Issue 35, Final Fringe

humboldt waterfronts

by d. Issue 26 05.30.2011

woodley island marina

it’s morning.  i’m home visiting.  my parents are out.  charlie comes by.  he wants to go on a walk with my dad.  my dad is out.  do i wanna go?  i put on my shoes.  charlie has wobby, a dog, along.  we take charlie’s green ford ranger.  charlie has a round face and a round nose and messy white hair and a big, shabby white beard and smiling eyes, sometimes gray, as i recall them, sometimes green.  he’s a big man with pain in one shoulder due to years of handball.  we stop at some place downtown he and my dad go to for coffee, and he gets a red-eye, and i get coffee black.  and we go to the waterfront.

a dreary, gorgeous, stinking and sweet-smelling thing, it used to be busy docks and train yard.  but the fishing industry went under and the only fishing happening off the docks was families going out on the weekends and casting lines, hanging out and eating lunch and such on those heavy, tar-smelling structures, little kids putting fish in buckets of bay water and watching them swim in circles.  and maybe that’s what got somebody thinking to convert the docks to a nice place for doing fun things at, like basketball.  so they tore down a warehouse or whatever and built a teen recreation center.  i was a teen, and it scared me.  the train stopped running and the tracks are grown over with and buried under things and dust.  and they put in a little parking lot and a nicely paved path and this outdoor amphitheater, and they got some big plans worked up for the huge dirty plot of weedy land the path is on today. but, as anyone can see, it all fell through and the weeds and shrubs took over like they are, and the homeless moved in and made camps—til a week ago the eureka police and a crew went through with bushwhackers and took out all the bushes for camping in unseen.

in the amphitheater now are some homeless people smoking pot.  on the bay in matching wood kayaks is an elderly couple.  the path is of smooth concrete, but you have to be very careful where you step because there’s the shit of dogs all over everywhere.  we weave and jump and circumvent and sip our coffee, and wobby takes a dump and charlie gets out a plastic bag and picks it up and ties a knot in it, and i hold his coffee for him.

it was the dream of his generation, he says, that this new society was coming on, and everyone was going, it’s about time, to understand that it was good to care about each other. and how everything was going to be fair, like how people with great jobs like doctors would work four hours a day, and people with crappy jobs like garbage collectors would work two hours a day, and everyone would be paid the same, and all this utopia was on its way like history.  but now, he says, it’s his generation controls congress.  and all of them bought up by corporations.  you want to understand the laws in this country, he tells me, follow the money.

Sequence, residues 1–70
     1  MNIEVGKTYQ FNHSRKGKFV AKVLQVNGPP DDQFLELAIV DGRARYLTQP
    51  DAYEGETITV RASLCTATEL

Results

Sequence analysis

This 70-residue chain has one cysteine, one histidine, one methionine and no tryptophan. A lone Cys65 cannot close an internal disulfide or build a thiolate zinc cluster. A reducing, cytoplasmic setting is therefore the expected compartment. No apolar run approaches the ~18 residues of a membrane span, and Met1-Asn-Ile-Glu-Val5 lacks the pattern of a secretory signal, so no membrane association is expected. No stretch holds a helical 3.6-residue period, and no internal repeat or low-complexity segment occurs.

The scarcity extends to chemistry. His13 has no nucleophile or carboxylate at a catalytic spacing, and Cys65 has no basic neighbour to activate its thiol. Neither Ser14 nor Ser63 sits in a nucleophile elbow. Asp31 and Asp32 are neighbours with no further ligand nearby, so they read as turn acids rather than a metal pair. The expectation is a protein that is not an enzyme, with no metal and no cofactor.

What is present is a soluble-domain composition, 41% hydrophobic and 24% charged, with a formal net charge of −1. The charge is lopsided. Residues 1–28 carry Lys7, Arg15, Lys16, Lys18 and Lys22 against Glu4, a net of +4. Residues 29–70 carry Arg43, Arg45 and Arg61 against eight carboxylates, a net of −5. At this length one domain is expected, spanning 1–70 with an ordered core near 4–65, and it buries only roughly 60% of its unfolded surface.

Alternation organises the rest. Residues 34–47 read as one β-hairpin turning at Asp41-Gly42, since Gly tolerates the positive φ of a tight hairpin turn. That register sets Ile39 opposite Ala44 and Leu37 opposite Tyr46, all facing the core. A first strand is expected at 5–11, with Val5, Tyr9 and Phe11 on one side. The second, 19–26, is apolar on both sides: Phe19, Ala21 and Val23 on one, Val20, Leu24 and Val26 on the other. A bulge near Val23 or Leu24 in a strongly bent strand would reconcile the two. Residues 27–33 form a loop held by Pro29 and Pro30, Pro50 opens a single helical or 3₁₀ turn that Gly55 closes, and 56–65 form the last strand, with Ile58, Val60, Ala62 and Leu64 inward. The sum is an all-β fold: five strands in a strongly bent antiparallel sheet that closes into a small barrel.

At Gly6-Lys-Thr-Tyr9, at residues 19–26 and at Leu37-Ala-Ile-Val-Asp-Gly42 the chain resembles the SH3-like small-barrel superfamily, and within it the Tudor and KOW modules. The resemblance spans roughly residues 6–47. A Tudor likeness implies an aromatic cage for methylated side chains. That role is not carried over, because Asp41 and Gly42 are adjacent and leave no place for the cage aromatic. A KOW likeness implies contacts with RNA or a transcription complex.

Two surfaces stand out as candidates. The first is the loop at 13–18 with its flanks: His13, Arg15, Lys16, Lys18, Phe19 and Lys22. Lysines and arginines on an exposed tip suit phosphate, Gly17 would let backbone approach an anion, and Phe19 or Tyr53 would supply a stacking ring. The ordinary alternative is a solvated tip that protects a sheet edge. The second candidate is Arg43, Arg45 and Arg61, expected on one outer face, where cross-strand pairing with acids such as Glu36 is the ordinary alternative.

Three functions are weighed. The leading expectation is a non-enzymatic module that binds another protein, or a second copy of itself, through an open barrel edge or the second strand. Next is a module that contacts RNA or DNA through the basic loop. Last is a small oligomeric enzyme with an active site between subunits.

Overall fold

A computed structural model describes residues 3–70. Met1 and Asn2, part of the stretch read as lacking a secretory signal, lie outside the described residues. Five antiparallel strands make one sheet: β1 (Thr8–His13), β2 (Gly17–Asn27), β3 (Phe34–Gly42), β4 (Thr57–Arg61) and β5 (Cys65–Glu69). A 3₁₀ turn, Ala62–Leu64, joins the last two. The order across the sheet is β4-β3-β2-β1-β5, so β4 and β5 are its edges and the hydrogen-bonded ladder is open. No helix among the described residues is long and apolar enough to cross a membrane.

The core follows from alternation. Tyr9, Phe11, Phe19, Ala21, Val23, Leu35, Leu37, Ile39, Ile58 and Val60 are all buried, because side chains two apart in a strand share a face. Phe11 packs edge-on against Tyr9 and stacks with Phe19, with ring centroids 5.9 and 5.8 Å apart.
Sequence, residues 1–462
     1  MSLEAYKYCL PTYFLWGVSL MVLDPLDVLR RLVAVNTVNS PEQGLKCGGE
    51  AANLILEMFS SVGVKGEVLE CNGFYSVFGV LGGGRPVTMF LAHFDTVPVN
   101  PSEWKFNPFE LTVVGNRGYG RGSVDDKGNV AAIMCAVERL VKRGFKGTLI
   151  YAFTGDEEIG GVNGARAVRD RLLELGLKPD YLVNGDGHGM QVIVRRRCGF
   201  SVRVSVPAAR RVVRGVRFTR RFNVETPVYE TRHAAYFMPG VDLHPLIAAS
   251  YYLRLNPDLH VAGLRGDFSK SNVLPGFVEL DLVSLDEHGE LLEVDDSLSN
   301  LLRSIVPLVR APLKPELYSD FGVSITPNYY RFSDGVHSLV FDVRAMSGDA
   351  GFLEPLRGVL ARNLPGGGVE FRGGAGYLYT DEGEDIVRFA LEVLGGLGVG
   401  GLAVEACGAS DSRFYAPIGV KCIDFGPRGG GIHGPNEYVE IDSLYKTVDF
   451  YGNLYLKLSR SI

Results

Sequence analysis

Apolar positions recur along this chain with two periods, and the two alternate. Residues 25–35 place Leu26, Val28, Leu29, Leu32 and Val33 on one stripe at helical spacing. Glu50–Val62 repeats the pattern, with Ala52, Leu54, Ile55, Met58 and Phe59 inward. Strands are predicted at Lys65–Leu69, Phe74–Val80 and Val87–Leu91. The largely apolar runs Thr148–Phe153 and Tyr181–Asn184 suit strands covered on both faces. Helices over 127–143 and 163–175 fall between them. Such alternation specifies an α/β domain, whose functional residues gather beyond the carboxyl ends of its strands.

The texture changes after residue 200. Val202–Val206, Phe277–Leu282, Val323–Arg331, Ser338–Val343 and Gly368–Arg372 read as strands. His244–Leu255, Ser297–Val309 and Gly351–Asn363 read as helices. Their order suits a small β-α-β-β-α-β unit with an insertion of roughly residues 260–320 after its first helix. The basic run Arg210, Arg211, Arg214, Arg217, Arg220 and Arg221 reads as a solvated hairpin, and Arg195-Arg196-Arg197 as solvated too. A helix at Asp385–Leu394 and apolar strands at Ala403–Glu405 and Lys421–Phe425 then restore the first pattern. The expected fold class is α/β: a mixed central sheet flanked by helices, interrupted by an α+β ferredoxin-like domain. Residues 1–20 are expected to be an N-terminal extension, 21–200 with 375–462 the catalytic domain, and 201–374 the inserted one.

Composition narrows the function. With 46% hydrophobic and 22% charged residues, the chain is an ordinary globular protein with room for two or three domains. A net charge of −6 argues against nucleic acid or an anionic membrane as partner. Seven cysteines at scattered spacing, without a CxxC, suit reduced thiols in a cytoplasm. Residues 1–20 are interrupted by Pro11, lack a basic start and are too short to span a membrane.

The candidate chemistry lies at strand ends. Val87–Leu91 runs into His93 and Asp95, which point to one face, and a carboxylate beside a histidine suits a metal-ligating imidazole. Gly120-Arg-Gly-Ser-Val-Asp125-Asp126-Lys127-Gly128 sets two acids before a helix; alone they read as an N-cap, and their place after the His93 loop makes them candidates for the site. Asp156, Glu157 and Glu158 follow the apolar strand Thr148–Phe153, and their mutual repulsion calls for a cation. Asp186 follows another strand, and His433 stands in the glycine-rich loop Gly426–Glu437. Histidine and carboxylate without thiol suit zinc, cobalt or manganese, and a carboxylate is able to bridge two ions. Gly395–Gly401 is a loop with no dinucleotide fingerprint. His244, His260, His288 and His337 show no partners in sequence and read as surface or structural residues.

a ways down from the amphitheatre, under the bridge that over the bay joins eureka and manila, is an unkempt cinderblock restroom, gravel lot for parking in, a floating dock with room for three small boats, and a washboard loading ramp.  charlie dumps the plastic bag in the trash.  beyond the restroom we take a path of rocks and rubble through a homeless encampment.  a man asks us for change.  he says something about how times are really hard and something about his wife and child and groceries.  i don’t have a cent on me.  charlie has forty-three cents and gives it to him and says there are free lunches at st. paul’s.  and as we’re walking away, the man says, fuck you.  and then he says it louder.  and then he hurls the money at us and says, fuck you, i don’t want your fuckin’ money.  fuck you.  and he keeps shouting that as we walk away.

and charlie says he just can’t tell, is obama letting us down, or is he just so smart and playing his cards so really close to his chest?  i hope it’s the latter, he says.  i really do.  he says that ted kennedy has dedicated his entire political career to national healthcare—thirty years—and still it hasn’t happened.  every month 3,000 people lose healthcare.  in the world, he says, the united states ranks thirty-seventh in its healthcare system, and the country that’s thirty-sixth is something like ukakistan or some-like name, some country nobody has heard of.  how can we say, he asks me, that 50 million people in our nation without healthcare is . . . okay?  he gestures to an expanse upon the dirt of what appears to be wads of stuffing and says it’s where the bushwhacker hit someone’s sleeping bag.


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d. is a graduate of the University of California, Davis, and the University of Charlottesville, Virginia.  d.’s work has appeared in Tattoo Highway (”what happens when a rose plucks coyote”), fictiondaily.org (”turangalila: an interview”) and Orion Headless (”the big boss & the beautiful orphan”).

bio image by bradd skubinna. “sensible people.” spring 2011. installation of strawberry baskets, bread bag clasps, plastic lids, plastic bottle caps, plastic toothpicks, pill bottles, broken reflectors etc…

Click to see larger bio image